HONOLULU, Hawaii - Wilfred J. Cross, president of First National Bank of Oblong, Ill., says he knows just what to do with the money saved from reduced deposit-insurance premiums. The bank will give it to shareholders in the form of dividends.
Thomas D. Wilson, a director with Prairie Security Bank, Yelm, Wash., is going to tell the president of the institution to put the money "in the vault" - and then back into the economy in the form of loans.
However they decide to use the funds, community bankers say both banks and their customers will benefit from the premium cuts. Bankers should see bigger profits going forward, and customers could receive lower fees and loan rates, the bankers said.
This month, the Federal Deposit Insurance Corp. said it will slice premiums to 4 cents for the nation's best-run banks from 23 cents for every $100 of insured deposits. The cut is expected to take place in the second half of the year, saving the industry about $5 billion a year.
That savings was a lively topic of conversation this week as community bankers gathered in Honolulu for the annual convention of the Independent Bankers Association of America.
"This buys us a little time to be competitive," said Walter E. Daller Jr., president and chief executive of Harleysville National Bank and Trust Co., Harleysville, Pa.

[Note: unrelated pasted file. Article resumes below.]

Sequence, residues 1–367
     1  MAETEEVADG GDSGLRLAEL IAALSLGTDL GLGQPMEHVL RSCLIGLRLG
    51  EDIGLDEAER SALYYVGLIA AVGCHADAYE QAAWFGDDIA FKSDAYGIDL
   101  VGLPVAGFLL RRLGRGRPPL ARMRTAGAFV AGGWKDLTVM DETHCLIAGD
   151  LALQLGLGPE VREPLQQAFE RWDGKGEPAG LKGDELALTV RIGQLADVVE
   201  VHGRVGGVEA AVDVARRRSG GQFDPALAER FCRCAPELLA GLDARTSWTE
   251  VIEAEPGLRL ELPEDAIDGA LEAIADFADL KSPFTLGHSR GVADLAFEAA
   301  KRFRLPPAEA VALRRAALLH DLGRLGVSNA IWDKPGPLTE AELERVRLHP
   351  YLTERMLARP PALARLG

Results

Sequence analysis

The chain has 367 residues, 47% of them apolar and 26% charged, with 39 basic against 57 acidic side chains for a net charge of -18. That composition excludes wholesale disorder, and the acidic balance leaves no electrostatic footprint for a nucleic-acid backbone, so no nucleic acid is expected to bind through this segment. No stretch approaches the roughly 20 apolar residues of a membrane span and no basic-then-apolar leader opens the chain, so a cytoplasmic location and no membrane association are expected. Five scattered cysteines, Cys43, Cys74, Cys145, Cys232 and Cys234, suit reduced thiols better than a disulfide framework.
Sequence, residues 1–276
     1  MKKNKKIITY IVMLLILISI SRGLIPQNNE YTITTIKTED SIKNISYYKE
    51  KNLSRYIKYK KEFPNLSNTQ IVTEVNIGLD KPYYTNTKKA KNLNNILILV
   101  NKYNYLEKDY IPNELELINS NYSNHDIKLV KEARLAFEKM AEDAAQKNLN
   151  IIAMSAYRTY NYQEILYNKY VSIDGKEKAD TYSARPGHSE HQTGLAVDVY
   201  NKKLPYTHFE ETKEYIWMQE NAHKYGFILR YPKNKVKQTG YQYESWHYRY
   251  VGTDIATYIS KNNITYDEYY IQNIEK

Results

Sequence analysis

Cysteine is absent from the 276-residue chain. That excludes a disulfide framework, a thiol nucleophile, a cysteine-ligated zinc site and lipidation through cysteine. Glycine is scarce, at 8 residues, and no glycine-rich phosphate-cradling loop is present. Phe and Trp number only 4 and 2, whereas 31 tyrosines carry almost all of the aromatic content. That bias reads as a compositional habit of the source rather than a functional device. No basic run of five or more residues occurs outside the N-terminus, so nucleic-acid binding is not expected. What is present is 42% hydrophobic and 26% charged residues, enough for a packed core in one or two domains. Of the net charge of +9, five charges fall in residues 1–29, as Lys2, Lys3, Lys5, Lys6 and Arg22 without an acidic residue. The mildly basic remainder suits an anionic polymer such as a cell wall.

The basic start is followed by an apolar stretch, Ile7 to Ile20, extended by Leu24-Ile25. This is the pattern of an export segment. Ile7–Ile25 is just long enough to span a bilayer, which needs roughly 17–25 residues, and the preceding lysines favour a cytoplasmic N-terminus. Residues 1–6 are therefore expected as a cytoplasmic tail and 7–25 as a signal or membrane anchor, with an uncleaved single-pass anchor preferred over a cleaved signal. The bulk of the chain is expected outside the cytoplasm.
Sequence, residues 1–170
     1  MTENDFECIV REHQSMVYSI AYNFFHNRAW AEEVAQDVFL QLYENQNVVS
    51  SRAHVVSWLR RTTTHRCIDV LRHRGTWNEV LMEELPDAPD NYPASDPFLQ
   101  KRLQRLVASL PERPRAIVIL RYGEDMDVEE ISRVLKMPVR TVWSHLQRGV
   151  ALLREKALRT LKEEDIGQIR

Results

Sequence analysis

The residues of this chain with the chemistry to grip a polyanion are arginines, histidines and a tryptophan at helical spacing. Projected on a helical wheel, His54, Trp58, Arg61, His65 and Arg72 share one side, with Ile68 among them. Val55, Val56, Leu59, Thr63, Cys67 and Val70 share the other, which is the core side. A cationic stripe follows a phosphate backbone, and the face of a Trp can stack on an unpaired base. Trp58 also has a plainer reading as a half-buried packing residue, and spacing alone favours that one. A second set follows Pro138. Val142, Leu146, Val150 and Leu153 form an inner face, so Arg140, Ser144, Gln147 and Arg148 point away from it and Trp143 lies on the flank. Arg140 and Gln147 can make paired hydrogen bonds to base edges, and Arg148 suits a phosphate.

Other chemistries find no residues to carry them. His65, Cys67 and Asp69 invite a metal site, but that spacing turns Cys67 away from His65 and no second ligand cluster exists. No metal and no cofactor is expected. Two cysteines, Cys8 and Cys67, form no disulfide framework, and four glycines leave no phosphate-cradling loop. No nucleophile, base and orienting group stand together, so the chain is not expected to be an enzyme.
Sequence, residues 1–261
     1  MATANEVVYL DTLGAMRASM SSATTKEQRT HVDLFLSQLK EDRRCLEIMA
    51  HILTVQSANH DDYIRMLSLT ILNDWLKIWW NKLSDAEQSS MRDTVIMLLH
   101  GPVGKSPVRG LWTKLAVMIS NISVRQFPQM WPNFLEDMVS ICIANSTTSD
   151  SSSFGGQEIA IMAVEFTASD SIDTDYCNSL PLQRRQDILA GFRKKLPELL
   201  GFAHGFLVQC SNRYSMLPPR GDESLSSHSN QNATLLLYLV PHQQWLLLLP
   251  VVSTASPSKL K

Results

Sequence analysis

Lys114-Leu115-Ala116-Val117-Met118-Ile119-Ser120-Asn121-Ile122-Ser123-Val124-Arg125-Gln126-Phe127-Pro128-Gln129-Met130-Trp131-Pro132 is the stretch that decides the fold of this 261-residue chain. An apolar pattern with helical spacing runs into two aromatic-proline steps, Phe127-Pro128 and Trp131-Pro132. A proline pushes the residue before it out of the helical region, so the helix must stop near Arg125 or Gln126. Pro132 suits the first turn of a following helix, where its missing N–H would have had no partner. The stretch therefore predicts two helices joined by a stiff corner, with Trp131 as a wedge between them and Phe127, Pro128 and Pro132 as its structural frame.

"If we can get an edge to (let us) increase deposit rates, it will be the best thing to happen to us in a long time," he said.
Mr. Daller said a deposit war is raging in the Philadelphia area. He said he expects to save as much as $700,000 annually from lower premiums, which should help the bottom line and benefit customers with potentially lower loan prices and higher deposit rates.
Other bankers are savoring the fact that they will have to fork over fewer dollars to the government.
Robert W. Hawkins, chairman of St. Louis-based Southern Commercial Bank, said he expects to save $350,000 a year in premium costs, which he called "substantial" for Southern Commercial.
And L. Clark Caley, president of Bank of Clarks, in Clarks Neb., said the $12 million-asset bank will save about $14,000 a year.
"It's a big item to all banks. It has just got to help the bottom line," Mr. Caley said. "I don't think it's going to be a windfall for banks, but it's going to offset the squeeze on profits."
Community bankers, however, are pushing the FDIC to reduce the rates even further. The Independent Bankers Association's board of directors is recommending the agency lower premiums for the best banks to two cents for every $100 of insured deposits.
The board said it believes a 2-cent premium would generate enough income to keep the insurance fund at the mandatory 1.25% reserve ratio. They are worried that if the banking industry is healthy and the Bank Insurance Fund carries a surplus it could work against the industry.
"If you have that much of a surplus ... some smart guy in Congress might try to tap it for some other purpose," said Ronald K. Ence, the IBAA's director of legislative affairs. "It's a very dangerous situation to have."